Holding posters and waving to receptive drivers as they honked, upward of 100 people took part in a protest against Banner’s vaccine mandate Monday on the Beeline Highway.
Banner Health, Arizona’s largest health provider, is requiring all employees to get a COVID-19 vaccination.
Banner notified staff of the policy change July 20, explaining in a press release that “to protect patients, team members and the community, today Banner Health notified its employees that being vaccinated for COVID-19 will be a condition of employment. With limited exceptions, all team members have until November 1 to be fully vaccinated.”
Hoyt Skabelund, Banner Payson Medical Center CEO, said the vaccine is “the single most effective way” to provide a safe environment for staff and patients during the pandemic.
“The COVID-19 vaccines are safe and extremely effective, and we encourage all our team members and the community to get vaccinated as soon as possible,” he wrote. “Banner’s vaccination requirement for its employees is just one more way we are demonstrating our commitment to safety.”
Protesters disagreed, saying there is still too much unknown about the vaccines to require staff to take them.
Resident Wendy Larchick said she protested the mandate because anytime an employer or the government take away an individual’s rights, it can become a domino effect.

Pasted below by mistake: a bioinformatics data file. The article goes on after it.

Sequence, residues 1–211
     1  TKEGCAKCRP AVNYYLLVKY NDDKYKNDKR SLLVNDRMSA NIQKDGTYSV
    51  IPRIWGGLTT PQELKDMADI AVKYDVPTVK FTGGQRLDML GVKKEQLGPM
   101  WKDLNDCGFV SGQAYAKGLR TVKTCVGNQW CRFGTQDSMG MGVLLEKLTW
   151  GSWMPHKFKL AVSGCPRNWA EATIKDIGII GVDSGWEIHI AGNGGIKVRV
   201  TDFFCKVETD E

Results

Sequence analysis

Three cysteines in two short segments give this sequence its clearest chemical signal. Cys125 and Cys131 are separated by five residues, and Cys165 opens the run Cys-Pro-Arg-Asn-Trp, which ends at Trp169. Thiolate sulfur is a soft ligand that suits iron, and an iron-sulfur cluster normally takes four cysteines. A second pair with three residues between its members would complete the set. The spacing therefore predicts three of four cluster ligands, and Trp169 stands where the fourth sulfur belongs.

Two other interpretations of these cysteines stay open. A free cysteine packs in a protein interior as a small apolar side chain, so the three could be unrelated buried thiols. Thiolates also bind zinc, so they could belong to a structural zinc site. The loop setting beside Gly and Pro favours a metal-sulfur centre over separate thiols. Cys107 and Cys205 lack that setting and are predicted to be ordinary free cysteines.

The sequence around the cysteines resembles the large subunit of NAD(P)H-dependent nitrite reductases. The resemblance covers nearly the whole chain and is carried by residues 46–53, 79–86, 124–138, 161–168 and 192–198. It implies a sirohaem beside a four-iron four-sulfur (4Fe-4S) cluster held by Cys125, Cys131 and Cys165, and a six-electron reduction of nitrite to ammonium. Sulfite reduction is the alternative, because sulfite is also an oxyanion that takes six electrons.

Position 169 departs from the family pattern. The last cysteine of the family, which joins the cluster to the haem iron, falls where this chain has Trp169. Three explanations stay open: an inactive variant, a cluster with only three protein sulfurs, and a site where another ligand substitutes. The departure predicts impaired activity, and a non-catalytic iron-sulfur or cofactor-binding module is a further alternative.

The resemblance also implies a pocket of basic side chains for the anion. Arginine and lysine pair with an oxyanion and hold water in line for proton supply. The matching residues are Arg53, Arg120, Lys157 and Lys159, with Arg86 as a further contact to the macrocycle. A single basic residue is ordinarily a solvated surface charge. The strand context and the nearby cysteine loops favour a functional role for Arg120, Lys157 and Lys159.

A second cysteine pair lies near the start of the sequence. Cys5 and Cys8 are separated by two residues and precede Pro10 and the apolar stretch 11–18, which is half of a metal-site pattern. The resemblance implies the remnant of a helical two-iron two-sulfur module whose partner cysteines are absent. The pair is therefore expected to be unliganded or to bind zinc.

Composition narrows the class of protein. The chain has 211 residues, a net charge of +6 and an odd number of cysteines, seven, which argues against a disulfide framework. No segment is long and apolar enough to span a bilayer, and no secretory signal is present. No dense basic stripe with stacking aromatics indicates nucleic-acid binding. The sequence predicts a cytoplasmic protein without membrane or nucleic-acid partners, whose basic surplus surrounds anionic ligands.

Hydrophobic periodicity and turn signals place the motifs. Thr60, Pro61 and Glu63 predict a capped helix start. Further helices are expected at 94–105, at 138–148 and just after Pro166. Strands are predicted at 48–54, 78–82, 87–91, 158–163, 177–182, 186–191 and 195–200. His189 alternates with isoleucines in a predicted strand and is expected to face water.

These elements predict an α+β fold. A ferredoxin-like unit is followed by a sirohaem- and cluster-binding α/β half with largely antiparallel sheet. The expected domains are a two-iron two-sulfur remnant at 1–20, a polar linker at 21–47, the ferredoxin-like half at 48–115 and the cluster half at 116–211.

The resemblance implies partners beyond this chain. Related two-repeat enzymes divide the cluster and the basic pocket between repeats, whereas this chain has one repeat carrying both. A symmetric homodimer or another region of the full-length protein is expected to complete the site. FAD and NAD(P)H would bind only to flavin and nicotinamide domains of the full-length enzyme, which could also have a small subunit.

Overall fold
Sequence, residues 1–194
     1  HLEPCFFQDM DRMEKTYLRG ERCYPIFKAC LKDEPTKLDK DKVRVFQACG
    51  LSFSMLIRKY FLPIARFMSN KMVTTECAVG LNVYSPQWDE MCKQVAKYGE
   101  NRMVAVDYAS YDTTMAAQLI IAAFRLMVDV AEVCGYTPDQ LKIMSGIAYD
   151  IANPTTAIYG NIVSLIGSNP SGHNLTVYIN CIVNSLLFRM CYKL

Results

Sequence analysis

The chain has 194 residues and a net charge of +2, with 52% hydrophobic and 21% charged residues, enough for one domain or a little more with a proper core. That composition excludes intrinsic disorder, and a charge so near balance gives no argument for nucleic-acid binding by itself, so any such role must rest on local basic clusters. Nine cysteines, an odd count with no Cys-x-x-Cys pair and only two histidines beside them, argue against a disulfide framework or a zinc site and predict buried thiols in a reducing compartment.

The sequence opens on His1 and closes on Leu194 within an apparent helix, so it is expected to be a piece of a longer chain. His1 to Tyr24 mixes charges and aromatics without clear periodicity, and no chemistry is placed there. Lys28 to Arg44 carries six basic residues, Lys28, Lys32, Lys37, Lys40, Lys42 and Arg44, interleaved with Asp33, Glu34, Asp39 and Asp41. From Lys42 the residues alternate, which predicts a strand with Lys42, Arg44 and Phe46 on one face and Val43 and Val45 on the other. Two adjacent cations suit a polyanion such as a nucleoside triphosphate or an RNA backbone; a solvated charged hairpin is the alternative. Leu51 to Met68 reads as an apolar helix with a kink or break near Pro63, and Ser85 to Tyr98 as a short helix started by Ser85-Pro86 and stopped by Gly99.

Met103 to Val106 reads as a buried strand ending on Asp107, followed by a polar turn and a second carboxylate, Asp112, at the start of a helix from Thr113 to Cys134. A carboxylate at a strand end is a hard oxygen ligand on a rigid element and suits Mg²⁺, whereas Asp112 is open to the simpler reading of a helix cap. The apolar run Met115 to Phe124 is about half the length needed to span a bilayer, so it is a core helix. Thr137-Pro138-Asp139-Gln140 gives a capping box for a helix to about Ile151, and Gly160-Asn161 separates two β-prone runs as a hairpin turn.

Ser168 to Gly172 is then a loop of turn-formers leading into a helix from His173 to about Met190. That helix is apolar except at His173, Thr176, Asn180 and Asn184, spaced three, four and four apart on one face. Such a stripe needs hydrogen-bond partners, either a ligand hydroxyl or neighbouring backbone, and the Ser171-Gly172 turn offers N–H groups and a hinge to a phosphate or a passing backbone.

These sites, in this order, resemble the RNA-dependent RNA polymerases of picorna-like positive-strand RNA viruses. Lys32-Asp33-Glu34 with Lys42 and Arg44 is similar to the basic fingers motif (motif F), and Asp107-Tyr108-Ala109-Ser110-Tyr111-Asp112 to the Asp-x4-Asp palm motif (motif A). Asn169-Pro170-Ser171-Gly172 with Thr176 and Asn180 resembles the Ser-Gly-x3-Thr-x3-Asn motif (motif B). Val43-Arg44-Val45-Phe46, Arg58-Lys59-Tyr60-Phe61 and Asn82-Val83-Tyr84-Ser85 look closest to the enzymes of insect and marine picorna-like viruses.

“Fear of COVID is so pervasive right now that it seems like people will do anything the latest ‘expert’ recommends, even if it is in direct conflict with the last ‘expert’s guidance,’ she wrote. “For me, the slippery slope of allowing a third party to mandate that a person has to be injected with what is an experimental drug at this point (there is no FDA approval or sufficient studies done) or lose their rights is much scarier. Plus, it’s always been known that vaccinations protect the person vaccinated. If you are unvaccinated, you are only risking your own health — why all of a sudden is it different now?”
Chuck Davis, who photographed the event, said it was a peaceful protest.
“Today people of these United States exercised their First Amendment right to free speech, to peaceable assembly and petition the Government for redress of grievances,” he wrote.
Shirley Dye said several concerned citizens and employees organized the event.
“When (many from churches, employees, and regular citizens) marched down and lined the Beeline, we had a great response with honks and waves; only one middle finger was seen,” she said.
Hoyt said they would consider vaccine exemptions in accordance with federal and state laws.
“As I hear it, there are many who will quit rather than take the vaccine and leave Payson hospital in dire straits as it is already very difficult to find employees, especially doctors and nurses, due to the lack of affordable housing already,” Dye said.
Banner Health, in a press release, said it was implementing this requirement for several reasons, including the rise of the Delta variant, the pending lift of the Emergency Use Authorization by the Food and Drug Administration, the need to protect its patients and workforce, and to prepare for the flu season. In addition, national data shows that 97% of hospitalizations and 99% of COVID-19 deaths are in the unvaccinated.
Banner Health employs roughly 52,000.